On 18 July 1995, Prime Minister Jim Bolger announced that there was broad agreement to send a Royal New Zealand Navy ship to support the protest fleet. HMNZS Tui was identified as the ship to be sent to Mururoa and it was also agreed that MPs would voyage to the testing zone.[9] The RNZN would be sending an unarmed oceanographic research ship and not a warship, a gesture intended not to antagonise the French further.

On 24 July 1995, a warning order was issued to the commanding officer of Tui ‘for a 70-day deployment to the South Pacific in support of Government initiatives at Mururoa.’[10] Two days later the government stated that it hoped that there would be a reduction in the number of tests but felt it was a ‘very slim hope’.[11] During this period a lot of equipment was removed off Tui in preparation for the deployment, including making room for civilian passengers.[12]

On 4 August, Tui was ready for Operation Valerian. This was the name given to the operational deployment of Tui to Mururoa.[13] At the time of the decision to send a vessel, it had been intended to put Tui into operational standby so the change of plan impacted on the navy’s budgets for that year.

Members of Parliament Chris Carter and Brian Neeson boarded the vessel for the first phase of the deployment.[14] After a photo opportunity with Prime Minister Jim Bolger, officers from the RNZN, including the commanding officer of Tui, Lieutenant J. F. Campbell, briefed the Peace Flotilla on her role upon arriving at Mururoa. The skippers of the protest fleet ‘were surprised that Tui would not be escorting or herding the flotilla to Mururoa.’[15] Tui would depart on 12 August from Auckland to ‘allow maximum media coverage.’[16]

Before Tui left Princess Wharf, the media on board followed Helen Clark and Jim Bolger as they took morning tea with senior officers and met the ship’s company. The two MPs had photo opportunities as they unpacked in their cabins.[17]

The voyage would be under the control of the RNZN with an interdepartmental ‘watchgroup’ providing guidance on the legal, political and media aspects of the operation.[18] Media controls were far less strict due to the technology available to the news media in 1995 than in 1983, which meant that the government had to monitor news output very carefully. As Tui sailed to Rarotonga, the commanding officer had ‘some doubt as to the sea worthiness of the two embarked politicians.’[19] The satellite communications system received many calls from the media in New Zealand getting updates on seasickness of the MPs.

Upon arrival in Rarotonga, those on board Tui disembarked and spent two days having fun ashore. Tui departed on the afternoon of the 19 August. At this time, media representatives from Radio New Zealand, Television New Zealand and the New Zealand Press Association joined the ship, along with two Cook Islands politicians.[20]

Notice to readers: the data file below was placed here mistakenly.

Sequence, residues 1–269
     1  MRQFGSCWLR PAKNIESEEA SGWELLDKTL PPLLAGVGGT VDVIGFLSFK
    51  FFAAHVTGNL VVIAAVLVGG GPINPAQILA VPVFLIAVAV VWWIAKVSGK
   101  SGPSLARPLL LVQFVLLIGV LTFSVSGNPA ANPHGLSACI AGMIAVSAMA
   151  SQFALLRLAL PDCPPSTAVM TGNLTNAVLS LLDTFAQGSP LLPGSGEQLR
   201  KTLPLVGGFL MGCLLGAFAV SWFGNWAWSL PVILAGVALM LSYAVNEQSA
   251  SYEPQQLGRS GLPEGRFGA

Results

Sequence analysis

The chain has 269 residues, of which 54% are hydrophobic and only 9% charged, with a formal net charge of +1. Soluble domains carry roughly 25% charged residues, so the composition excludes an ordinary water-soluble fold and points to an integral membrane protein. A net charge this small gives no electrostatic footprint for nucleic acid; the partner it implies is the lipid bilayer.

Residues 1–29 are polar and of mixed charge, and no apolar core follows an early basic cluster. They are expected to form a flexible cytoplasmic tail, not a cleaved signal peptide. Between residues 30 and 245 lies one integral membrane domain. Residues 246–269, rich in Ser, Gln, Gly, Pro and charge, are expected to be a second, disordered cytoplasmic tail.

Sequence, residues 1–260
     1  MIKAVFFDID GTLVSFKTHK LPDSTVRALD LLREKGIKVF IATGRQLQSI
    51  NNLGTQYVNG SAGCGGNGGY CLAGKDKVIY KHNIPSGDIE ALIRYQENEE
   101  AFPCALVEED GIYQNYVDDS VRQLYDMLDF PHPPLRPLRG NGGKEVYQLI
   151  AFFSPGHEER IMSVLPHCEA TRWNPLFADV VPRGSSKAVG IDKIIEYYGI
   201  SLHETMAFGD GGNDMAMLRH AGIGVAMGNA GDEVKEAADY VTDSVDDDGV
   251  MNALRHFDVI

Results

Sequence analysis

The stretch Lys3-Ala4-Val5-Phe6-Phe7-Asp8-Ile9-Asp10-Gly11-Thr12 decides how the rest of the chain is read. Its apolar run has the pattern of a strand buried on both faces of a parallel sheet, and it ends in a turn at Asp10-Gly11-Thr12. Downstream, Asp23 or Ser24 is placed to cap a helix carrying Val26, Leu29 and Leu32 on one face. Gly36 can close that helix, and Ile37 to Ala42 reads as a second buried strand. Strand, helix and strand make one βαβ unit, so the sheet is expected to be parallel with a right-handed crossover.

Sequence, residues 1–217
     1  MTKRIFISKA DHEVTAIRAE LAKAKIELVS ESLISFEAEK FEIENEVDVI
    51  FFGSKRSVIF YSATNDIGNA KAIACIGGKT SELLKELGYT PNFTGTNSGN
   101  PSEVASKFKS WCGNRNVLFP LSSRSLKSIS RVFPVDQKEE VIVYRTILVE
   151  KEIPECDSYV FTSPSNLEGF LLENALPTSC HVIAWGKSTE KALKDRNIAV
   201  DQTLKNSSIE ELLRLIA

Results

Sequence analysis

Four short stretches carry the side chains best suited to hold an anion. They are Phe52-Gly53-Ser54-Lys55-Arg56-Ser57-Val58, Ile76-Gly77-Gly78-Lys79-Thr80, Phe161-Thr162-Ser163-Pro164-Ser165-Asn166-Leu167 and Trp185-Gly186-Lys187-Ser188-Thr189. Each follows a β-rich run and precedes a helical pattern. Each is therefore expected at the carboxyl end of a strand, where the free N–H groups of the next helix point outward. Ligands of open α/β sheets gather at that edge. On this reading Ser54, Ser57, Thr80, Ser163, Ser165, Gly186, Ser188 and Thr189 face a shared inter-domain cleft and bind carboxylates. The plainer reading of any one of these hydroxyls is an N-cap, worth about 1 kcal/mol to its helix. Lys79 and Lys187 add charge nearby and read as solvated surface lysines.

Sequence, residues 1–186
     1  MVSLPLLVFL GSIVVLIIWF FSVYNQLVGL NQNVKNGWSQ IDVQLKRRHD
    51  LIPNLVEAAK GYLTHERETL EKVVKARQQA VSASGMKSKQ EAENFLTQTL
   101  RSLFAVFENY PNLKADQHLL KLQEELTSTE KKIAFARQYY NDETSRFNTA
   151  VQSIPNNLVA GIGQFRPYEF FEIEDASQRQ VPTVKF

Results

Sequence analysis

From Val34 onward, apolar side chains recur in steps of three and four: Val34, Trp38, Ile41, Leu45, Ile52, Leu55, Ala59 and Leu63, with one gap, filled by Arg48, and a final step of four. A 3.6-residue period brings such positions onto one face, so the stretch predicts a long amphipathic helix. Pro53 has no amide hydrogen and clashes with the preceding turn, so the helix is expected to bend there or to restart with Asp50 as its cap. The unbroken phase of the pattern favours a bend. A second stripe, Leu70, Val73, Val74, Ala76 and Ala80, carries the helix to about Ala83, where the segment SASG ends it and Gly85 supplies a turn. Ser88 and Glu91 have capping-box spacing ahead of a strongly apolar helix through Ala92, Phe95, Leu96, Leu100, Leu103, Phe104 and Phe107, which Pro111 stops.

Tui arrived at the territorial limit on the afternoon of Thursday 24 August. There was great excitement amongst the media representatives and politicians when a French patrol craft rendezvoused with Tui to pass along a letter. This was naval protocol, but simply following naval protocol in this way was interpreted as being ‘so openly friendly’ that the commanding officer was at great pains to explain to the excited passengers that it was just a normal mark of respect.[21] The letter welcomed Tui to Mururoa and asked the RNZN to respect the right of the French navy to protect the sovereignty of this French colonial territory.[22]

The ship’s company then found itself in the middle of a ‘dogfight’ between the media representatives, the embarked politicians and the government at home. This was due in part to the delay in receiving direction from Wellington and the fact that the politicians had not been able to hand over a protest letter to the French when the patrol craft’s commanding officer visited Tui. The commanding officer of Tui resented the way media portrayed Tui as the ‘government’s vehicle for her inability to react to a situation.’[23]

On 27 August, Tui met up with some of the protest fleet. Media aboard the Greenpeace vessel Rainbow Warrior wished to interview the MPs on board Tui, causing more angst for them as they sought guidance from Wellington. Fortunately this matter was resolved and media guidelines issued to the MPs.[24] The next day Tui met up with another French patrol craft and a letter of protest was passed across, satisfying the politicians.[25]

The French Navy deployed frigates to shadow the protest fleet, usually staying some 2 nautical miles (3.7 km) from the yachts. Whenever the protest fleet gathered, it would be surrounded by the French frigates.[26]

At one stage, the MPs went across to the protest yacht Tryptych. They returned to Tui happy that they had been the guests of the RNZN and not cooped up on a yacht.

At the start of September, French commandos using tear gas stormed the Rainbow Warrior II. They arrested and deported the crew when the ship entered French territorial waters. MV Greenpeace was also boarded and both ships were taken to Hao Atoll.[27]